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Number to words/Number to figures C/C++

Description: Remember those lessons from school where you were given numbers and you had to write them in figures/words? Specifically, you are given some thing like "4516" , and you write them as "Four Thousand five hundred sixteen". Well, its not just a kids lesson, bankers and managers also need them to generate receipts. This project just makes their job easy; it receives a number (less than a billion) and find out its words/figure representation.

Difficulty: Hard

Language: C++

Compiler/IDE: Visual Studio, dev C++ (others will work as well)



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#include<iostream>
#include<string>
#include<conio.h>
using namespace std;

string units(int n, string s[] );
string tens(int n, string s[], string t[]);
string hundreds(int n, string s[], string t[], string u[]);
string thousands(int n, string s[], string t[], string u[]);
string lakhs(int n, string s[], string t[], string u[]);
string crores(int n, string s[], string t[], string u[]);

int main()
{
	double input;	
	string s[] = {"", "One", "Two", "Three", "Four", "Five" , "Six",
    	"Seven", "Eight", "Nine", "Ten","Eleven", "Twelve", "Thirteen",
     	"Fourteen", "Fifteen", "Sixteen","Seventeen", "Eighteen", "Nineteen"};
     
	string t[]={"Twenty ", "Thirty ", "Fourty ", "Fifty " , "Sixty ",
    	"Seventy ", "Eighty ", "Ninety "};
    
	string u[] ={"Hundred ", "Thousand ", "Lakh ", "Crore "};
	
	cout<<"Write a number\n";
	cin>>input;
        if (input > 999999999 || input <0)
	   cout<<"Input must be less than 1 billion and "
       		 "greater than or equal to zero\n";
        
	else if (input == 0)
		cout<<"Zero\n";
	else
	{	int n = input;
		cout<<crores(n , s , t, u);
	}
	getch();

}

string units(int n, string s[])
{
	
	return s[n];

}

string tens(int n, string s[], string t[])
{
	if (n < 20)
	   return units(n ,s);
	else
	   return t[n/10 - 2] + units(n % 10, s);

}

string hundreds(int n, string s[], string t[], string u[])
{
	if (n < 100)
	   return tens(n , s , t);
	else
	   return units(n / 100 , s) + " "  + u[0] + tens(n % 100, s,t);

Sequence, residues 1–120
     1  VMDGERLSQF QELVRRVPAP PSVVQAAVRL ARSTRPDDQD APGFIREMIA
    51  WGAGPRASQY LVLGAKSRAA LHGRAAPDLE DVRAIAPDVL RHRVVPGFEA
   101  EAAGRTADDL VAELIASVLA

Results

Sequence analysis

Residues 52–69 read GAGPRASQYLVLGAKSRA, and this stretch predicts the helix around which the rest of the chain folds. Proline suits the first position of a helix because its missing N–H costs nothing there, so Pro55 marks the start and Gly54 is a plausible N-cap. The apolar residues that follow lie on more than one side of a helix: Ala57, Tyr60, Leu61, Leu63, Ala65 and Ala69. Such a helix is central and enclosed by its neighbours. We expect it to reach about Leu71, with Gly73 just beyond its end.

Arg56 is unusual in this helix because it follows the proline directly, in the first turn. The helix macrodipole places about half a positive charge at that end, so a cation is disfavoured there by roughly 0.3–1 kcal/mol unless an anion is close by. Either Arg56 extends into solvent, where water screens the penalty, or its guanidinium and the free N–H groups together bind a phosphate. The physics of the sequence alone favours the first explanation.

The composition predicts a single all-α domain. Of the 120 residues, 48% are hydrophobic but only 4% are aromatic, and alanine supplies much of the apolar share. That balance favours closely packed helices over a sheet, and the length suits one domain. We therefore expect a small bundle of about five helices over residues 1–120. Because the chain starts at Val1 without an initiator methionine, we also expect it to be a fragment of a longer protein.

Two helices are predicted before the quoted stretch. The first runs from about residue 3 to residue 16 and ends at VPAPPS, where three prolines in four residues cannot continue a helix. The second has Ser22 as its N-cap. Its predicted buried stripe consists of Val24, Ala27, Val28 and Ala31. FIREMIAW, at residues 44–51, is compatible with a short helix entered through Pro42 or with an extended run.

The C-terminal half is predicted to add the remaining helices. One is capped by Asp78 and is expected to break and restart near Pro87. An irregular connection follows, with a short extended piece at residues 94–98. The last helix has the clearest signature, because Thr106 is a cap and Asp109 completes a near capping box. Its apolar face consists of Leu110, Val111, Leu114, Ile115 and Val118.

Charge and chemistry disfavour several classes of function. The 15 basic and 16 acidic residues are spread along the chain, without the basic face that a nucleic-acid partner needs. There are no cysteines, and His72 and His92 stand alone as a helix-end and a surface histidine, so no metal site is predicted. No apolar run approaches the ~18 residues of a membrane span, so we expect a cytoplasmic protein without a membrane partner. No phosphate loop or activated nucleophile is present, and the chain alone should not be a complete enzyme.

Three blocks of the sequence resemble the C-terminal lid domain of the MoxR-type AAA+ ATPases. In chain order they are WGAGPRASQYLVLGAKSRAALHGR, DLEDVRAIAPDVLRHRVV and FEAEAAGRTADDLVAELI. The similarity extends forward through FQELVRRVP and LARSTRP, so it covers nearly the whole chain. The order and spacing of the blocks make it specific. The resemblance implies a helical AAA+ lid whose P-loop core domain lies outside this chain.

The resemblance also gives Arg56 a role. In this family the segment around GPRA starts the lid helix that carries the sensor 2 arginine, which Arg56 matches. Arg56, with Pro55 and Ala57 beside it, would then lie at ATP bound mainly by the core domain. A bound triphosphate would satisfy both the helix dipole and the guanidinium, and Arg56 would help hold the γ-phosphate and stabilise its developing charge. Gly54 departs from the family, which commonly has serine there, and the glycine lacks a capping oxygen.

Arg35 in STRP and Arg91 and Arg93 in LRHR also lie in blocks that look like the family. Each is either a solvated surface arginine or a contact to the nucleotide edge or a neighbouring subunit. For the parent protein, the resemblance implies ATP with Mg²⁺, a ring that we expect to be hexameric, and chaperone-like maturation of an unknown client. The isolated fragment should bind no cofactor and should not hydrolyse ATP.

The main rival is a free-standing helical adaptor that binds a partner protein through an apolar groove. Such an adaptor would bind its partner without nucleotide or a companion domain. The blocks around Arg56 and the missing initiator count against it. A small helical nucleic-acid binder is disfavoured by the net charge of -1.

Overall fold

}


string thousands(int n, string s[], string t[], string u[])
{
	if (n < 1000)
	   return hundreds(n , s ,t, u);
	else
	   return tens(n/1000,s,t) + " " + u[1] + hundreds(n % 1000, s,t,u);

}
 
string lakhs(int n, string s[], string t[], string u[])
{
	if (n < 100000)
	   return thousands(n,s,t,u);
	else
	   return tens(n/100000,s,t) + " " + u[2] + thousands(n % 100000,s,t,u);

}

string crores(int n, string s[], string t[], string u[])
{
	if ( n<10000000)
	   return lakhs(n,s,t,u);
	else
	   return tens(n/10000000,s,t) + " " + u[3] + lakhs(n % 10000000,s,t,u);

}
       


Notes:This project consists of a set of functions; we will break down each for you. The "units" function is pretty straight forward. It handles numbers less than 20 and directly returns the value from the string "s". The next function is "tens". It handles numbers less than 100. Note that the "tens" function only handles the tens part and to calculate the unit part, it calls the unit function, and here comes the beauty of the program: each function is responsible only for its own part, and uses the help of lower functions.

Now consider the function "hundreds". Again this function is responsible for the hundreds parts (<1000) and then use the help of "tens" function (which in turn use "units"). The other three functions: "thousands" , "lakhs" , "crores" work similarly.

When an input is given, the program calls the "crores" function (the highest in the hierarchy). This function handles the crores part(if it exists) and then makes its way through "lakhs" , "thousands" down to the "units" function.